I find it hard to single out a particular OS, because they all have their good points and their bad points. And it’s not just OSs: there are also plenty of individual applications as well as websites that are doing interesting things. We’re living in interesting times when it comes to UX design; there’s a lot of innovation occurring and it has become a very competitive field in which to operate.

It should be said that, although we do research existing work when we do design in GNOME, we are also working to produce our own distinct design style. This is something that should become more and more apparent in the future.

Many Gnome devs also work for Red Hat and RHEL will soon adopt Gnome3. Are there any priorities that are set by Red Hat towards the server use that postpone or even modify the design needs/goals of Gnome in Desktop?

GNOME is a part of Red Hat Enterprise Linux, so it isn’t a distraction for Red Hat. I’m excited that GNOME 3 is going to become a part of Red Hat Enterprise Linux, and that Red Hat customers are going to benefit from all the work that has gone into GNOME over recent years. Red Hat’s investment in GNOME is good for the project and good for its customers; that’s very much the philosophy behind how the company operates.

Allan Day in Asia Summit in Hong Kong this June talks about Every Detail Matters project.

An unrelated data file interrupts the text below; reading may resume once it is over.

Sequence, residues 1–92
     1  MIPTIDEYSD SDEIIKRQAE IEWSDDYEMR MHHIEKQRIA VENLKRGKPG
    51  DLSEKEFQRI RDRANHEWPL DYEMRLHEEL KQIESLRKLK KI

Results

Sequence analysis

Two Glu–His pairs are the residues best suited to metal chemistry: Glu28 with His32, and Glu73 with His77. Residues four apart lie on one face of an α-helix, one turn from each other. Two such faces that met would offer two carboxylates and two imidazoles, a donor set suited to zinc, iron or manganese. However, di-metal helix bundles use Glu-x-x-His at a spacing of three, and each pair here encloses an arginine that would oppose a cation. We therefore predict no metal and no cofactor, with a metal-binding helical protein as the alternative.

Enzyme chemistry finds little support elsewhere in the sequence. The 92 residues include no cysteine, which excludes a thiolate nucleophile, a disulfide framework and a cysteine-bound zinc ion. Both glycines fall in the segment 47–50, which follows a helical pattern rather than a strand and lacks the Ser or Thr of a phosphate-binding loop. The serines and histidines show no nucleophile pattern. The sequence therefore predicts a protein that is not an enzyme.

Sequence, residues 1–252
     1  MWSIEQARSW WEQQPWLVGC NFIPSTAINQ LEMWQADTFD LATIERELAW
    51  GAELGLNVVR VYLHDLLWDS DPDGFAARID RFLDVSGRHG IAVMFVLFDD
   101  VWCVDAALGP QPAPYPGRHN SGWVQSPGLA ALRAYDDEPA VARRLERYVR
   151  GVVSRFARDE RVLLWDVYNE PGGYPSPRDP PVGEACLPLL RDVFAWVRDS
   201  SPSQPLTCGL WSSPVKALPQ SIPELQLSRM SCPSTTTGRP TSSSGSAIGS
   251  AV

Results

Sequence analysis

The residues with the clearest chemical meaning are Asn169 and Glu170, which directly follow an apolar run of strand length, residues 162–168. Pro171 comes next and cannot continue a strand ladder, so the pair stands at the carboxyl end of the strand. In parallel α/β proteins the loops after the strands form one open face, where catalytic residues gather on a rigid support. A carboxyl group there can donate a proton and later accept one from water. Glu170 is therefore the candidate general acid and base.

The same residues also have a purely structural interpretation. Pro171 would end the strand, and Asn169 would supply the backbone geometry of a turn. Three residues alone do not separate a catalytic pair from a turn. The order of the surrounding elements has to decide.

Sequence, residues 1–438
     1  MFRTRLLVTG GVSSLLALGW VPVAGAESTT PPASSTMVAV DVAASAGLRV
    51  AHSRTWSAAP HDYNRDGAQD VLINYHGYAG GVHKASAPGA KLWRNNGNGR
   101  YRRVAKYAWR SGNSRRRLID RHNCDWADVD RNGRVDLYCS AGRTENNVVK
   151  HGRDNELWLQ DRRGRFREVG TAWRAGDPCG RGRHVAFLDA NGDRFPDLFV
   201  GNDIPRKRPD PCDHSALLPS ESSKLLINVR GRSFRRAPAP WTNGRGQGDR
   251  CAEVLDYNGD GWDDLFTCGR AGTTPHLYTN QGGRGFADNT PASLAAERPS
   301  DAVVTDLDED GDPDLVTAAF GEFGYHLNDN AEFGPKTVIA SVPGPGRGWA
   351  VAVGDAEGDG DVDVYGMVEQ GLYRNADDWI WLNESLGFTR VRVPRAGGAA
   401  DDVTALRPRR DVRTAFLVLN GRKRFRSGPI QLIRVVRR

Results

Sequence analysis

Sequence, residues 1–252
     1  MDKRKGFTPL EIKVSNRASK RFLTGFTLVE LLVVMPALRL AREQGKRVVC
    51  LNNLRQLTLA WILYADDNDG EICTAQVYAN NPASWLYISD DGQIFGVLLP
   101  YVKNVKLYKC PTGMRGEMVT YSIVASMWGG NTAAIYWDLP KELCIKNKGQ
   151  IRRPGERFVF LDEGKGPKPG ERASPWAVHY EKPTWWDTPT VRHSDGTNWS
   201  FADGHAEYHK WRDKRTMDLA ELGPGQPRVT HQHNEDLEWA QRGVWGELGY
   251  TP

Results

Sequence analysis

Personally, without wanting to flatter you, I think that Gnome3 from its core infrastructure till its outer design is a work made from some very clever people, an awesome work. Looking back at it after so many years of work you have done, what you really think?

One of the amazing things about contributing to GNOME is that you get to work with incredibly smart people. I always feel very lucky to have colleagues that are experts in their fields, and I’ve learnt a huge amount from being around them. That’s one of the great things about the GNOME community, in my opinion – all you have to do is start contributing, and you’re suddenly working with all these great people.

There are people that love Gnome3, people that Gnome3 just doesn’t work for them and people that are somewhere in the middle.. “We like it but we miss this feature, this is buggy..” etc. Is there anything you want to say to this last category?

GNOME 3 is different from GNOME 2 – that’s the whole point. So if you approach it wanting to preserve an existing way of working or wanting something exactly the same as GNOME 2, then you might be disappointed. GNOME 3 does contain major enhancements though, whether it’s fast application switching, integrated search and messaging, or improved applications. My advice to people trying GNOME 3 for the first time is to treat it as something completely new and as an opportunity to evolve their working style.